I won't waste time trying to summarize Plato's "The Republic". Most people (I would guess nine out of ten) who have read this colussus of classical philosophy, read it because they were forced to by their college instructors. This is unfortunate because "The Republic" is a compelling and enduring philosophy of how life should be lived, how justice should be approached, and how leaders should lead.

What recommends this book, really, is the bargain price: under five bucks. As one of those college instructors who makes their students read this, I always recommend this edition. Sterling and Scott's translation is as good as anyone else's, so why not save my students a few bucks? And, if you're one of those one out of ten who is considering reading this on your own, you've only got five bucks to lose, but an awful lot of rewarding reading to gain!

Rocco Dormarunno

College of New Rochelle
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33 of 36 people found the following review helpful By "the_kenosha_kid" on October 20, 2001
Format: Paperback
In the "Republic," Plato may or may not have accomplished what he set out to do, which is to define justice and prove that it is superior to injustice, irregardless of either's consequences. However, what he DID do is set the foundation for over two thousand years of thought. Read this work slowly; within each of the seemingly-simple discussions there is a world of though to be discovered. Anyone with the least bit of background in philosophical readings can literally read page-by-page, discovering the sources of many of the greatest philosophers of all-time. The "Republic" is not so much a work of literature as it is an explosion of thought; a ten-book brainstorm of one of the greatest minds of all-time. By the work's end, whether or not you feel Socrates to have successfully answered Glaucon's challenge is almost irrelevant, for the argument will have already left your mind reeling.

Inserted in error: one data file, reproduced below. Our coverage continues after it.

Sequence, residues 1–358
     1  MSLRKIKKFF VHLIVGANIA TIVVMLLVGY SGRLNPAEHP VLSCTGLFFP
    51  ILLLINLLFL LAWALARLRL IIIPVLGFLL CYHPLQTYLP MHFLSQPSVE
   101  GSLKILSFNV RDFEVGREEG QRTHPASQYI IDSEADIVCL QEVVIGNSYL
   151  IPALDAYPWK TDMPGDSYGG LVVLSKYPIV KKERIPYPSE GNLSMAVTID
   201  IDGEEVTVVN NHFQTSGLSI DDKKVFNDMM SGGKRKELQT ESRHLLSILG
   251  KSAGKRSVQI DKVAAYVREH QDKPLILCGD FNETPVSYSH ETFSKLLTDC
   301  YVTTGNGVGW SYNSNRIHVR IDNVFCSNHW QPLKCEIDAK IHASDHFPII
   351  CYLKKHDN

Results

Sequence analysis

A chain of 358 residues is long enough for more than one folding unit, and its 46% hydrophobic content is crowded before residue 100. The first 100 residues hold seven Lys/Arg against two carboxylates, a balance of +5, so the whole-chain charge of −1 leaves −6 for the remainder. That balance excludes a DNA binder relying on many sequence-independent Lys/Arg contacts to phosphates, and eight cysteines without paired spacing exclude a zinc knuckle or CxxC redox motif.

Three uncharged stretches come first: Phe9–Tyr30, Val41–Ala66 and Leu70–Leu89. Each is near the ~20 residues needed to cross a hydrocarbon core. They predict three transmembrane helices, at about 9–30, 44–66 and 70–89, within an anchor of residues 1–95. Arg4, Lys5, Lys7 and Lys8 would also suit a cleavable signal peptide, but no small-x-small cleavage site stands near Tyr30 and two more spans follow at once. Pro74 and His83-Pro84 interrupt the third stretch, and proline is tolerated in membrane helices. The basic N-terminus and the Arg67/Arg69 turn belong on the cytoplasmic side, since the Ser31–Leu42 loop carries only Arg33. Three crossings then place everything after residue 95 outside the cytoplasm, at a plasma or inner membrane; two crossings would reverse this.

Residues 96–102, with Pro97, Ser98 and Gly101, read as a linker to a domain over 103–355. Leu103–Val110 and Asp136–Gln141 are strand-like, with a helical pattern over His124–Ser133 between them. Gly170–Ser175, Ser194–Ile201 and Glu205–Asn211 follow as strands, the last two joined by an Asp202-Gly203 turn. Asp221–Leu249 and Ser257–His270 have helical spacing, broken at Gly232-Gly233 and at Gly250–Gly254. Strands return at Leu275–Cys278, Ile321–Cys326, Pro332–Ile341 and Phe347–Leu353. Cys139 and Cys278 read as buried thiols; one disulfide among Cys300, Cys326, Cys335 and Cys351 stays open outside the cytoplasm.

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90 of 107 people found the following review helpful By Amazon Customer on January 23, 2001
Format: Paperback
Plato's Republic is the fount from which nearly all Western thought flows. Pretty much everything written in that tradition either borrows from Plato or refutes him, and the Republic articulates his philosophies more fully than any of his other works(although the Timaeus is more mature and the Symposium is an amazing discussion on a single point). I must disagree with both of the main camps on this site; it is neither just a work of political philosophy NOR just a work of moral psychology(how to order your mind). Plato thought that all things should reflect the ultimate good, so that the ideal society would be ordered in the exact same way that the ideal human being would be. Thus, every part of one's psyche would correspond to a part of society(it's a microcosm!), and the "higher" parts of one's mind would be mirrored in the Guardians, the "higher" parts of society.
With that said, it is easy to see that the Republic proposes many things that disgust most modern human beings: censorship for political stability, ostracism of those with "weak" (read: human, sensitive, or some equivalent) emotions, killing young children, government regulation of sexual activity, and such. Even when Plato tries to give women equal rights, an _extremely_ radical idea in Ancient Greece, his ancient prejudices show up when he calls them "equal but weaker in all ways(morally, intellectually, and physically)".
Despite all of its shortcomings, the Republic was the work that singlehandedly separated the real from the ideal in Western civilization, and it also defined the kinds of questions that Western philosophers would try to answer until the 20th century.